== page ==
OTHER CAVITY NESTING BIRDS
When you put up a bluebird nesting box, it is important to realize that other native cavity nesting birds may nest in it.
This is perfectly fine and you should allow them to nest undisturbed (NOTE: this does NOT apply to house sparrows or starlings which are invasive, non-native species).
Also, you need to know that it is against state and federal laws to disturb the nests, eggs, or young of any native nesting birds, even if the nest is in nest boxes that you provide.
Other birds that may nest in bluebird housing are species that can fit through the 1 1/2" entrance hole. This would include Black-capped Chickadees, Tufted Titmice, White-Breasted Nuthatches, House Wrens, Carolina Wrens, Tree Swallows, Prothonotary Warblers (rarely) and Downy Woodpeckers (although these birds usually prefer a larger sized box). Some of these birds prefer more wooded locations with greater cover. By putting nest boxes for these birds in the areas they like more, it will reduce the competition with bluebirds. The exception here is Tree Swallows that prefer the same open, grassy habitat liked by bluebirds.
There are other wonderful cavity nesting birds you can attract, which require larger or more specialized housing. This would include Purple Martins, Wood Ducks, Great Crested Flycatchers, Screech Owls, Flickers, Red-Bellied Woodpeckers, Hairy Woodpeckers, and Kestrels. However, sometimes it is difficult to get woodpeckers to nest in nesting boxes because they can prefer to excavate their own nest cavity in a tree. But, Flickers seem to readily accept nesting boxes.
Here are some descriptions of Other Cavity Nesting birds you may attract with nesting boxes:
1. Tree Swallows - first, understand that it's perfectly fine for other native birds to be interested in your bluebird box. Depending on the location of the box, it may be perfect habitat for another bird species. Tree Swallows are the most common competitors that take over bluebird boxes. They like the same habitat as bluebirds and are usually more aggressive. Their nests look similar to bluebirds, but usually contain white feathers as well. Also, their eggs are white instead of light blue. Many bluebirders are annoyed by Tree Swallows because they can be very abundant in some areas, especially where water is abundant.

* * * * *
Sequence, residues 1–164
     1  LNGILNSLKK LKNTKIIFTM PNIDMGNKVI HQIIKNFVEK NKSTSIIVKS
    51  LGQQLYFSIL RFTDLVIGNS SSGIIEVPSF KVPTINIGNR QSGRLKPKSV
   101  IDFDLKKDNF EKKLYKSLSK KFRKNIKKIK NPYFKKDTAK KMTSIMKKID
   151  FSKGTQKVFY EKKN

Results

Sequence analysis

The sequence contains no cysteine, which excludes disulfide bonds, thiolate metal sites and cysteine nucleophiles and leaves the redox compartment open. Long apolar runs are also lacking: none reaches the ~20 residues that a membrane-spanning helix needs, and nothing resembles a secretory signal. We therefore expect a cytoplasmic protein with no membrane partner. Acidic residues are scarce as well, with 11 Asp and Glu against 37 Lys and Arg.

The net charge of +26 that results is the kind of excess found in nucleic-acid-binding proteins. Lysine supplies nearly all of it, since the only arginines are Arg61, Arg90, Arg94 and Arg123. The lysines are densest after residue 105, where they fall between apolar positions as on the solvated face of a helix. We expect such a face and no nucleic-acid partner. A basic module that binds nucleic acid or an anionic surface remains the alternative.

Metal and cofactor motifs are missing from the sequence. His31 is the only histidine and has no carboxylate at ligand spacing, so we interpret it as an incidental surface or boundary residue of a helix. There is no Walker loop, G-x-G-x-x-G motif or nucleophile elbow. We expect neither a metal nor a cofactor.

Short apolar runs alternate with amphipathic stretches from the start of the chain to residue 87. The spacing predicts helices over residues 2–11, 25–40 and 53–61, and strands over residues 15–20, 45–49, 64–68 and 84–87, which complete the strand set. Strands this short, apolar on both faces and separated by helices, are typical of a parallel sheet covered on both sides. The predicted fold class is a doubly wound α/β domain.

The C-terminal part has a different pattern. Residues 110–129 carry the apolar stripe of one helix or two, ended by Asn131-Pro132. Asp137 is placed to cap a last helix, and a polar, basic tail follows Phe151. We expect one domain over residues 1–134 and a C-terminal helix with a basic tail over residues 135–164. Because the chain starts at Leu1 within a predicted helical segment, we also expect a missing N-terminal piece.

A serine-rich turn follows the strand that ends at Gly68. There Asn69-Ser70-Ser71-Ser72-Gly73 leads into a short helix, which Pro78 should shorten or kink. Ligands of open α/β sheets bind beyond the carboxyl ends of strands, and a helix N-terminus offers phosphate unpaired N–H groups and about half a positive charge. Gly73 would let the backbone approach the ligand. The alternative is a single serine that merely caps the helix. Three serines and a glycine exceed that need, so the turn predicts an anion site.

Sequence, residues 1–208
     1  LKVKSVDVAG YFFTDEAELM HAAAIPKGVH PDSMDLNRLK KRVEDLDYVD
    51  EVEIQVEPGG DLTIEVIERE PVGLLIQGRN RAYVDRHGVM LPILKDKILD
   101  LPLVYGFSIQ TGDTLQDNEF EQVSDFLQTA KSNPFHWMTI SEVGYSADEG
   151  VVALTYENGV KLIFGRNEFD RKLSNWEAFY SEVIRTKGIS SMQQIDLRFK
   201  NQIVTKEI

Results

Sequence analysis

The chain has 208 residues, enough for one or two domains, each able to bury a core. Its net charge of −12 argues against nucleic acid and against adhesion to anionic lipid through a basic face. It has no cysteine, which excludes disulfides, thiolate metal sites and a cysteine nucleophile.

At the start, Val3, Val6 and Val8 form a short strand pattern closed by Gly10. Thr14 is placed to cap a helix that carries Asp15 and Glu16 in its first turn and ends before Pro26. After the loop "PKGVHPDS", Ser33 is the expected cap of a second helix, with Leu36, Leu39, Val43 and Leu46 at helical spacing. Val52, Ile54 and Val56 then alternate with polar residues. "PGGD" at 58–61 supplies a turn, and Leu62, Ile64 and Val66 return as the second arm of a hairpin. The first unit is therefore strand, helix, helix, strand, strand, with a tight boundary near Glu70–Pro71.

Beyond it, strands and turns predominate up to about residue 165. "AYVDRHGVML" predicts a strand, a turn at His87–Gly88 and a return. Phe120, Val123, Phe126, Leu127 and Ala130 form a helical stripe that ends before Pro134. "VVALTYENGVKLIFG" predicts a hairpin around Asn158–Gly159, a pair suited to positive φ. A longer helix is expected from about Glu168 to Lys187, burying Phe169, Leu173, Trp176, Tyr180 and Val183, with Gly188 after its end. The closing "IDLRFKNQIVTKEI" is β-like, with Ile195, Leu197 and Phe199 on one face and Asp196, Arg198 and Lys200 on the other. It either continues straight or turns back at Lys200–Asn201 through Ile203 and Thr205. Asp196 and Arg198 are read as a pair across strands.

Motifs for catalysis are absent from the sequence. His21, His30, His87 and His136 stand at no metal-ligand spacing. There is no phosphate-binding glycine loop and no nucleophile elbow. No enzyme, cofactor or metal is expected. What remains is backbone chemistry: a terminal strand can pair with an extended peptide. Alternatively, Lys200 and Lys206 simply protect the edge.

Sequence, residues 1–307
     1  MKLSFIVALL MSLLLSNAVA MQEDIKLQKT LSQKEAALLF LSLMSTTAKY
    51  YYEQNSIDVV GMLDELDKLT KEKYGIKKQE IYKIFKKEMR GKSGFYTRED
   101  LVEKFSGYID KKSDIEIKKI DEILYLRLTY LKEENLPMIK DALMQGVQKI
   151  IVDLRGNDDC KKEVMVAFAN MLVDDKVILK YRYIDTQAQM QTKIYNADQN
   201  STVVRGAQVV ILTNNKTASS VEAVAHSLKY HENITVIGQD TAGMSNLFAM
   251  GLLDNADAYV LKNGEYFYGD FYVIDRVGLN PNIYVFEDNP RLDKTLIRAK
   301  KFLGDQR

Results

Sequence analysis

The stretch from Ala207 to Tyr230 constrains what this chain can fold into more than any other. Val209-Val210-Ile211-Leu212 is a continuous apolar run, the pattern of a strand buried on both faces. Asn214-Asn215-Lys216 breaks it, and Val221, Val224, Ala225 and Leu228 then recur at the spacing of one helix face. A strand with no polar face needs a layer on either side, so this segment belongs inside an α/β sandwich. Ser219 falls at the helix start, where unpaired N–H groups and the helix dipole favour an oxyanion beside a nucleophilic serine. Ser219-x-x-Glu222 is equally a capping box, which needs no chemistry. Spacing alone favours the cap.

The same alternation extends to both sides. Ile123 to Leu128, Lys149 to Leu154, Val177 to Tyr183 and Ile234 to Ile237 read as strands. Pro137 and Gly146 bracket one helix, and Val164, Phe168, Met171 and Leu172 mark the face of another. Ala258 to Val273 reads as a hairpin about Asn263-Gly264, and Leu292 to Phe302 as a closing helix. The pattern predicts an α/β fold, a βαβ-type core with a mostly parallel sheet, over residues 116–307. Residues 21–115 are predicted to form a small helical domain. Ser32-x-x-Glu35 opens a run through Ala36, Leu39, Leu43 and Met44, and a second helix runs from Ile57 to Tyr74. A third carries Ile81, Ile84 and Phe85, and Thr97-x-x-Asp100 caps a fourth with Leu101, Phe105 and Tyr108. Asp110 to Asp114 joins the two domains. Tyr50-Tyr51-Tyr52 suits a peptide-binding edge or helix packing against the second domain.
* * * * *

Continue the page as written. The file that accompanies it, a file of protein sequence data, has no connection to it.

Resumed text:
A way to help allow bluebirds to nest with Tree Swallows is to put up a pair of nest boxes about 5 to 8 feet apart. The swallows will choose one and allow the bluebirds to nest in the other while chasing away any 2nd pair of Tree Swallows that happen to show up.
2. House Wrens are another tough competitor for nest boxes. Wrens are very aggressive despite their tiny size. They build nest made entirely of sticks and will fill up the entire nest box. Also, they tend to fill up more than one box in their territory. These are called "dummy" nests. They are persistent and will often not allow the larger bluebirds to nest in a box. The only solution is to place your bluebird boxes as far away from dense cover as you can. Wrens prefer thickets, shrub rows, and dense overgrown habitats. Putting your bluebird boxes as far out in the open as you can will greatly eliminate the problem.
CAUTION: House Wrens are known to destroy bluebird eggs and even pull the hatchlings out of the box. Therefore, if you want to attract bluebirds to your yard, it is advisable to NOT encourage house wrens to nest in the same vicinity. At a minimum, you should consider removing all of your hanging nesting boxes, as these are preferred by wrens. For more information on how to discourage house wren nesting, see our Problem Solving page - Nest Box Competitors.
3. Black Capped Chickadees - Black-capped Chickadees are often at the bottom of the pecking order when it comes to competition for nest boxes. Many nest box monitors will put a 1 1/8" hole restrictor over the entrance so the Chickadees can nest in peace. You know you've found a Chickadee nest when you discover a nest containing mostly moss and lined with fur, hair, plant down, spider webs or other similar soft materials.
Egg laying begins one to two days after the nest is finished - usually 6-8 eggs are laid. Chickadees will cover their eggs with nesting material whenever they leave the nest. They are small, pinkish-white, and non-glossy, with red, brownish red, or purplish red specks evenly distributed over the egg. Often, there are heavier spots at the larger end of the egg. As with Tree Swallows, House Wrens and Titmice, incubation begins when the next-to-last egg is laid. The incubation period lasts 12 to 13 days, with fledging occurring at about 16 days after hatching.
4. Tufted Titmouse - Tufted Titmice do not nest as readily in nest boxes, but are the occasional occupants. Their nests are constructed of leaves, moss, dried grass, and bark strips, is lined with feathers, fur, wool, cotton, hair, and sometimes snakeskin.
Females lay one egg per day, and the average clutch size is 5-6 eggs. The smooth, non-glossy eggs are white to cream-colored and are speckled and spotted with chestnut-red, purplish red, or brown marks, which are usually more densely distributed at the larger end of the egg. Eggs are incubated for 12 to 14 days. Only the female incubates the eggs, and she does not flush readily from the nest. Whenever she leaves the nest, she covers the eggs partially with nesting material (as chickadees do). Fledging occurs after 15-16 days.